One night, I drove Ronnie & Reggie to The Stork Club in Swallow St. When they got inside , Georgie Cornell was sitting at a table on his own. Reggie went over and spoke to Georgie, but Ronnie wouldn’t go and sit with him (I never knew what it was really about at the time). Me and Ronnie sat at another table opposite and we got a couple of drinks. Ronnie was mumbling but he was incoherent and I couldn’t hear a word he said. Then we left The Stork Club after thirty minutes and went back to The Grave Maurice in Whitechapel. As we were driving back, they never said a word to each other, Ronnie and Reggie, and when we got into The Grave Maurice, they sat on their own and had a private conversation.
The day that Ronnie shot Georgie I had a day off. It was about a week later, when Ronnie and Scotch Jack were driving round to the widow’s pub in Bethnal Green, Ronnie saw Georgie Cornell’s car parked outside The Blind Beggar in Whitechapel High St. And he told Scotch Jack to turn round and go to the Green Dragon where someone was keeping a gun for him. Then Ronnie walked into The Blind Beggar and shot Georgie Cornell in the head.
Afterwards, I was present when Ronnie said ‘Has anyone got Mickey Morris’ phone number? Will you tell him to come over, I want to give him a nightcap?’ Nicky came over and I personally poured him out a gin and tonic. The next thing I knew, Ronnie punched Mickey in the face. And Mickey said, ‘I thought you was my friend, Ronnie?’ Reggie got hold of him and I expected he was going to let him go, but instead Reggie pushed Mickey into a storeroom. Then Ronnie got Mickey in a headlock and Reggie pulled out a big hunting knife and pushed it straight through Mickey’s arm. Ronnie said to Reggie, ‘Do it properly, stick it up his fucking guts!‘ Mickey howled when the knife went through his arm.
I said to Reggie, ‘Look, there’s people on the balcony opposite looking over and there’s people in the bar who can hear, they’re wondering what’s going on.’ I wanted to save the guy, I liked him, he was a nice boy. I said, ‘Come into the bathroom, Mickey, and I’ll do you up in some towels,’ but he was scared because he was bleeding buckets. I couldn’t take him to the London Hospital myself, in case the police got involved, because I had a warrant out for my arrest. Another member took him to the hospital.
A couple of days later, I was driving along the Lea Bridge Rd and Ronnie asked me to stop at Mickey Morris’ house and he said to Mickey, ‘Next time, it’ll be done properly.’”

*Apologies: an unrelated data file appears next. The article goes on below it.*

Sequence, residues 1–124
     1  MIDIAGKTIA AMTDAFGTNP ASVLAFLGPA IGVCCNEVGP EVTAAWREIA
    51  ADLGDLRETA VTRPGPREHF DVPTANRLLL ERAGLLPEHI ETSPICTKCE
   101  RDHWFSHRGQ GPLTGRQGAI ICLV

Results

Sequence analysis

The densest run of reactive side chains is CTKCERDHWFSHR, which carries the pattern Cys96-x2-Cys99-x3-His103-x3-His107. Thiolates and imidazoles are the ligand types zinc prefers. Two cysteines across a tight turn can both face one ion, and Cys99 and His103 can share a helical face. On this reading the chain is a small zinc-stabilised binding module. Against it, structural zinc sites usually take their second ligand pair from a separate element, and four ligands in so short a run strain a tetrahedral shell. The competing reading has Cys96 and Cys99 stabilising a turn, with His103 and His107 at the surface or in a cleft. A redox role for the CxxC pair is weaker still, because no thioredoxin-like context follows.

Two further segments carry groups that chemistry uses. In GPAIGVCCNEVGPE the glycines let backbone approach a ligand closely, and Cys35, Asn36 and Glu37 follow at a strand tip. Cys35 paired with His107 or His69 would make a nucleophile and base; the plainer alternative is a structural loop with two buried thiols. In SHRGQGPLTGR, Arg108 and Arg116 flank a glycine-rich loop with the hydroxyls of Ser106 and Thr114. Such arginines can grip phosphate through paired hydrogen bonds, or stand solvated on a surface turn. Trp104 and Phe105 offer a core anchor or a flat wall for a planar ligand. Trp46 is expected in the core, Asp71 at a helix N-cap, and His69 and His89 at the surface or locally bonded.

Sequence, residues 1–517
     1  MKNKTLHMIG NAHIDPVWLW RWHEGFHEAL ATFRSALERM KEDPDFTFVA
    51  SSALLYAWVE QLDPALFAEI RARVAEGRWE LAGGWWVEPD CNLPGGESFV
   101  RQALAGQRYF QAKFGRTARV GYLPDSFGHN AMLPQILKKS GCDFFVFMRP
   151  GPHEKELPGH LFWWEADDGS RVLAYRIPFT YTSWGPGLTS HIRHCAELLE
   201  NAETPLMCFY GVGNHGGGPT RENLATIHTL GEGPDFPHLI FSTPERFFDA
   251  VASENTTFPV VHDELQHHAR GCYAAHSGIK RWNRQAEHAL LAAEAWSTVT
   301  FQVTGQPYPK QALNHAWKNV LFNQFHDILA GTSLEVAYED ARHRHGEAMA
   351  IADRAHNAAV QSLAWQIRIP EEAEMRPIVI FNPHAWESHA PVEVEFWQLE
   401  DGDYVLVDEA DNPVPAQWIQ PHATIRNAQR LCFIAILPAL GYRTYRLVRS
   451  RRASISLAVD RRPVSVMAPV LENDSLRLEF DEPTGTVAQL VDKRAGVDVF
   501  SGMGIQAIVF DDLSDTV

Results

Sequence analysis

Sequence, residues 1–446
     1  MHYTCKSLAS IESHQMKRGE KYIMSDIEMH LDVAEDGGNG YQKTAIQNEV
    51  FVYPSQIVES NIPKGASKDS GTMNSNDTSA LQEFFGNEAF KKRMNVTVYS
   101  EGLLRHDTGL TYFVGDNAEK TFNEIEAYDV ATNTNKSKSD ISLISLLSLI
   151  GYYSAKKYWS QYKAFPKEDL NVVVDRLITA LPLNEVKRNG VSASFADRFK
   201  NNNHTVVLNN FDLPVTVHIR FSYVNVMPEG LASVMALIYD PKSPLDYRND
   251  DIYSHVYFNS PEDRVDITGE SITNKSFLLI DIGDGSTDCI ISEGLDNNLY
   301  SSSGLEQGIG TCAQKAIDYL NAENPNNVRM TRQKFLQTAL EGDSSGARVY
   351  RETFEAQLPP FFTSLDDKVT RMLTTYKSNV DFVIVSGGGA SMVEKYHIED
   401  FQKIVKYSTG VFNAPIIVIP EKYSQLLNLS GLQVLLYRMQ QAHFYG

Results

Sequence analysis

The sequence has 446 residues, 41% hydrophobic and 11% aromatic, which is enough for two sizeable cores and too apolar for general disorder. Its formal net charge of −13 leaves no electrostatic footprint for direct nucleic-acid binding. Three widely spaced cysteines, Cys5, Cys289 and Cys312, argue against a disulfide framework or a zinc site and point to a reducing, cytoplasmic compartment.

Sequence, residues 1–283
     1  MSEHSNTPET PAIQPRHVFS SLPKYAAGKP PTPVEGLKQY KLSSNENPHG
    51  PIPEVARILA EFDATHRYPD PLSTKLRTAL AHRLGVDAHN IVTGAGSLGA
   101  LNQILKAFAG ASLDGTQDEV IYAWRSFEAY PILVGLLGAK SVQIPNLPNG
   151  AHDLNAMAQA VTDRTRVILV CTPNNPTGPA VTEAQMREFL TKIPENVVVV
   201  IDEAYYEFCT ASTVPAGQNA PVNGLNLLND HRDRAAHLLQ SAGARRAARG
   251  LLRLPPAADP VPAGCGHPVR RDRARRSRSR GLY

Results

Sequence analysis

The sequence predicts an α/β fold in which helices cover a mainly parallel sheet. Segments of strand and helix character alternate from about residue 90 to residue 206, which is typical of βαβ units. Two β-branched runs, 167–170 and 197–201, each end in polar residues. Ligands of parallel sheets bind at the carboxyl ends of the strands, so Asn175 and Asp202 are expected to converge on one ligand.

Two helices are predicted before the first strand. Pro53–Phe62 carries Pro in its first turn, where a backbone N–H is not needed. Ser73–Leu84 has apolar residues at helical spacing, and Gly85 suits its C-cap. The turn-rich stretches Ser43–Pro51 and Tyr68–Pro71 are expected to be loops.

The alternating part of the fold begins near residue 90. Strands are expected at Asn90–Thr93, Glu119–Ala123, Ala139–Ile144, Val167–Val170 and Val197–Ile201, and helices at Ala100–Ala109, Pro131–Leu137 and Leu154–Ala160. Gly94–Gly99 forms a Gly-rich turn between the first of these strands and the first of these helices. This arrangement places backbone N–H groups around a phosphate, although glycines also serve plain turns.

Strangely, Billy appeared not to comprehend Mickey Morris’ reluctance to enter the bathroom. I thought of asking Billy if, in retrospect, he thought his logic for not taking Mickey Morris to the London Hospital was admirable but it was a redundant question, so instead I asked Billy if he was ever scared of Ronnie and Reggie.“Once I stayed the night at their house in Vallance Rd and I fell asleep on Reggie’s bed, and I woke to find him standing over me with a big Wilkinson’s sword that he had.” he replied, enacting the fierce gesture of raising the sword with the practised conviction of a Shakespearean actor.
As someone with an aversion to violence, I barely knew how to react to Billy’s stories and I think he could read it in my face at that moment, because he admitted quietly with a gentle smile, “They were good times, though personally I didn’t like all the violence, but if you’re going to do protection and be a villain then it comes naturally.” – as if it was the most normal thing in the world.
Billy was on his third Corvoisier and lemonade, and I was beginning to feel uncomfortable. He was polite and he was personable, and it was decent of him to grant me an interview but, considering what he had told me, I could not but wonder what there was that did not bear telling. I respect Billy greatly for his nerve – having the guts to survive the viper’s nest – living through so much brutality to reach this current point of benign equilibrium. Equally, I can never know whether those experiences induced in Billy a certain degree of acceptance of the long pitiful catalogue of cruelty that was inflicted by his employers, the psychopathic twins Ronnie and Reggie Kray. It is a private question for Billy to reconcile with his conscience and we shall not be party to it.
I left Billy Frost in conversation with the young couple from the next table who were captivated by his charms. Running back in the dusk, through the rainy streets, thankful to arrive at the safety of my house in Spitalfields, the afternoon’s experience grew strangely familiar in my mind. It touched a chord of familiar unease, and I realised that I could now better appreciate Pip’s mixed emotions when he met the enigmatically fearsome convict Abel Magwitch in those brilliant early terrifying chapters of Great Expectations.